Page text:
Watchdog asks Lords to rule on Bluestone development

Ecovillage Network UK office at
Thu Aug 25 18:33:46 BST 2005

As diehard Diggers will remember this is the enormous commercial 
development allowed by the unelected Pembrokeshire Coast National Park 
authority - at the same time that they Torned down Tony Wrench and Jane 
Faith's sustainable roundhouse.

see also
Appeal Court backs Bluestone plan - Wednesday, 20 July, 2005
abd letters to Western Telegraph below

Watchdog asks lords to RULE ON BLUESTONE. INDEPENDENT law expert lends 

The Council for National Parks (1) has today announced that it is to ask 
the House of Lords (2) to hear a final appeal on whether or not the 
Bluestone holiday village (3) can lawfully be built in the Pembrokeshire 
Coast National Park (4).

Mary Taylor, CNP’s Vice Chairman and lead Trustee in Wales, said “The 
Trustees unanimously decided to ask the Law Lords to hear this appeal, 
because the long term protection of all the National Parks in England 
and Wales is in the public interest.  Our case centres on the legality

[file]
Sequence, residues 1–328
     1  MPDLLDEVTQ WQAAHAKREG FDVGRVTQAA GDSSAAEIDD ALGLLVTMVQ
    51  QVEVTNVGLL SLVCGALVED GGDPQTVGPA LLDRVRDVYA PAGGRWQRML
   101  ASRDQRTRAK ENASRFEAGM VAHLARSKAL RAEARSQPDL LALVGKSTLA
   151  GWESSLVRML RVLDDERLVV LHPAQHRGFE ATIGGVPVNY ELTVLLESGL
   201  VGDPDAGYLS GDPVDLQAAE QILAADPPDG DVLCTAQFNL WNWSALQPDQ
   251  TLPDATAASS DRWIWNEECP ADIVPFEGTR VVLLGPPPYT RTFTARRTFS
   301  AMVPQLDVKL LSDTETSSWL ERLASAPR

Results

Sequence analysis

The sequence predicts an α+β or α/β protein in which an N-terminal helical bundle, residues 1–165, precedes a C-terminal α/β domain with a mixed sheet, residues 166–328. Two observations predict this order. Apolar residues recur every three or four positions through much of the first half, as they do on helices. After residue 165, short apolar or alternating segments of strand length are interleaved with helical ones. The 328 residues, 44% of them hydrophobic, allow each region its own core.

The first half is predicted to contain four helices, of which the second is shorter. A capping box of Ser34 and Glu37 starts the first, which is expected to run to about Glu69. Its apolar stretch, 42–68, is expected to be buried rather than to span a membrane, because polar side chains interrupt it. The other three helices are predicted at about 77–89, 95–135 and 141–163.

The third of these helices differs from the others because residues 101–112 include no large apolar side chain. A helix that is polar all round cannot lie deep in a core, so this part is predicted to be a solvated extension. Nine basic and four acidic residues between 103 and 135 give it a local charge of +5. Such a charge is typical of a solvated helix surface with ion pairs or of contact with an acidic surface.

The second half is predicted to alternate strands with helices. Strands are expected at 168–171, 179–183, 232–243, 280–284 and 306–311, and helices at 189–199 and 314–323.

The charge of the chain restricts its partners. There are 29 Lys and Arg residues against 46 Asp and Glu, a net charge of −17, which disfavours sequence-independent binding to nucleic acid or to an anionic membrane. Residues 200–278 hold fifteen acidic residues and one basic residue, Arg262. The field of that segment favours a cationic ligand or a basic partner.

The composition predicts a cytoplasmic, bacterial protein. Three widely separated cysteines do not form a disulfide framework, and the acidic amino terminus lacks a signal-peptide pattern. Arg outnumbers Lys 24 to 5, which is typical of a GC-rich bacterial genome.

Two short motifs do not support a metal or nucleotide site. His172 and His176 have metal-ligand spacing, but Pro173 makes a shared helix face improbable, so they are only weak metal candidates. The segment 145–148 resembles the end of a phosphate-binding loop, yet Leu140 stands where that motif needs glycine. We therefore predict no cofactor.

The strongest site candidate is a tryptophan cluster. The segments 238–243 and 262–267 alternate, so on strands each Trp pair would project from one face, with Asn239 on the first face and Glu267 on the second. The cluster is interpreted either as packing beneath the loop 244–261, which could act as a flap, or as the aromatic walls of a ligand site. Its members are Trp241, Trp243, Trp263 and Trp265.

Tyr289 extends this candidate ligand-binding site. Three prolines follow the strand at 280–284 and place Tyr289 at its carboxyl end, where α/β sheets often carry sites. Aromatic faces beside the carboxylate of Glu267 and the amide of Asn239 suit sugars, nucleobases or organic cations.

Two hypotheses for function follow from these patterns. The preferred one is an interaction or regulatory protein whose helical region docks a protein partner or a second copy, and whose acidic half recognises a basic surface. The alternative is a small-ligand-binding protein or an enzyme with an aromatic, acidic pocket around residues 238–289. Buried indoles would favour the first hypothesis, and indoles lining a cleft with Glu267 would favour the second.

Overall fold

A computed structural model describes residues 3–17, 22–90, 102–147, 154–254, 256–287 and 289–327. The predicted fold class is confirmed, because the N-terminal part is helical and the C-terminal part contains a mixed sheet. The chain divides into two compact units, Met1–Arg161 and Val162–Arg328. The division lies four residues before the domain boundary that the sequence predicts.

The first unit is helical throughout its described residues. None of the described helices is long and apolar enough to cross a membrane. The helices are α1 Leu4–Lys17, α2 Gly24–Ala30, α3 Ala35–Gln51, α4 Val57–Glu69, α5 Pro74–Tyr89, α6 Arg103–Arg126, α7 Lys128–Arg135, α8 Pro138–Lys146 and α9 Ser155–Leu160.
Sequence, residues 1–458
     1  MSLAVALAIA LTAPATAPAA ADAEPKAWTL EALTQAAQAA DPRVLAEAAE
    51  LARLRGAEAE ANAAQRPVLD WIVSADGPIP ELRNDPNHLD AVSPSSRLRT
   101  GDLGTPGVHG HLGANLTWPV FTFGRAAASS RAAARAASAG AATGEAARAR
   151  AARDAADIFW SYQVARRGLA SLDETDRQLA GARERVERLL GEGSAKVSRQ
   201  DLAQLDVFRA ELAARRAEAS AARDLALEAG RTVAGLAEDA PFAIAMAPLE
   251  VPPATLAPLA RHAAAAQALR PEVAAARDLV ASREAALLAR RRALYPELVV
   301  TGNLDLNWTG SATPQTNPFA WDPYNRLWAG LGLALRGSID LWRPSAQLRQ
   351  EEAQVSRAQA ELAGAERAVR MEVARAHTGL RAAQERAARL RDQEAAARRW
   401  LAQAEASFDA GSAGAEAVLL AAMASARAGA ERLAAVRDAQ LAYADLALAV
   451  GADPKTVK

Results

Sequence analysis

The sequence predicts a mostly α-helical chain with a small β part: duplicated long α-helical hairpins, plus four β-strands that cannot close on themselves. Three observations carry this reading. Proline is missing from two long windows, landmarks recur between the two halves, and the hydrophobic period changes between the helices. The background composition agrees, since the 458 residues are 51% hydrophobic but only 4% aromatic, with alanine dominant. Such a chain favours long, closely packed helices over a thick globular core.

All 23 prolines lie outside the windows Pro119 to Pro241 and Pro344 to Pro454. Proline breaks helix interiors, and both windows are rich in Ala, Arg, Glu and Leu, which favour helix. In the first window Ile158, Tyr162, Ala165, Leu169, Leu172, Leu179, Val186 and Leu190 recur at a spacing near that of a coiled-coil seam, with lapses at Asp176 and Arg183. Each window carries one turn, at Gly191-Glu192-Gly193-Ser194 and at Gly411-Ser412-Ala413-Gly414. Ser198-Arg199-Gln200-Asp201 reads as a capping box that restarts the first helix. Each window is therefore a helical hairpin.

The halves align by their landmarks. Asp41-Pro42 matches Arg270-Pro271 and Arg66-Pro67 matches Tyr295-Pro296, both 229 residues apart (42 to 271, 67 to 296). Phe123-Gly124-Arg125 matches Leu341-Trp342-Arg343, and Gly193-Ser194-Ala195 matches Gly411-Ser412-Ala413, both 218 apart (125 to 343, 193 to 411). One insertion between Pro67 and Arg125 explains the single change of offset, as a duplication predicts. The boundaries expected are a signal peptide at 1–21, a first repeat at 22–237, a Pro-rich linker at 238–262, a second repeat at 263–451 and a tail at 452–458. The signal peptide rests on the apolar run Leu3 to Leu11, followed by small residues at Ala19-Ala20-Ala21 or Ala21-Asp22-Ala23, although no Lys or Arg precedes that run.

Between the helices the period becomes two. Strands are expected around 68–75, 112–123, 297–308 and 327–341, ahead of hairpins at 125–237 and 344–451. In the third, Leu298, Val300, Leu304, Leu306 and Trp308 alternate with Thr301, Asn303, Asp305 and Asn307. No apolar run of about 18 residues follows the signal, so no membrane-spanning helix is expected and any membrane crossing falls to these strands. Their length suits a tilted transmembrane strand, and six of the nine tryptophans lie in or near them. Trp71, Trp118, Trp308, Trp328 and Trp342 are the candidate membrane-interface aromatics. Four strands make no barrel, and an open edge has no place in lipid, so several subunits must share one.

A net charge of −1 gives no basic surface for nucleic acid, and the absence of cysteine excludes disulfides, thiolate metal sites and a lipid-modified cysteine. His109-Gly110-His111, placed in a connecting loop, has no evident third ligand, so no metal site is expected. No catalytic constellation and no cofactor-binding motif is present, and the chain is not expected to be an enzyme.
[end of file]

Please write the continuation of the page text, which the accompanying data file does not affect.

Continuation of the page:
of using the promise of local jobs to override environmental protection, 
which is against the legal statutes set up by Parliament to protect 
National Parks.  We have been encouraged to take this step by our 
members and local people who do not believe that a large-scale 
development like Bluestone is justified in the countryside of the 
National Park.  Our postbag shows that plenty of people in Pembrokeshire 
and in the rest of Wales want the Law Lords to look at this issue.”

Professor Malcolm Grant (6), a leading law academic, has offered his 
support for CNP’s attempts to clarify the law surrounding major 
developments in National Parks.  He said “In my view this is a very 
important public interest test case, and it needs to be heard by the Law 
Lords.  Planning law is meant to provide a structured approach to 
planning decision taking, and to give certainty to developers and to the 
public about what can and cannot be built.  The Bluestone decision is in 
danger of undermining the way the planning system is meant to work”.

Kate Ashbrook, CNP’s Chairman, said “CNP is doing what it was 
established to do – fight for the protection of the National Parks.  CNP 
exists because legislation alone cannot provide sufficient environmental 
protection for the National Parks.  Bluestone is a real example of where 
the protection system has broken down.  And if Bluestone goes ahead, it 
will set a precedent for similar developments to be approved in all 
National Parks.

“We are exercising the democratic right of any organisation or 
individual to challenge a planning permission.  As there is no third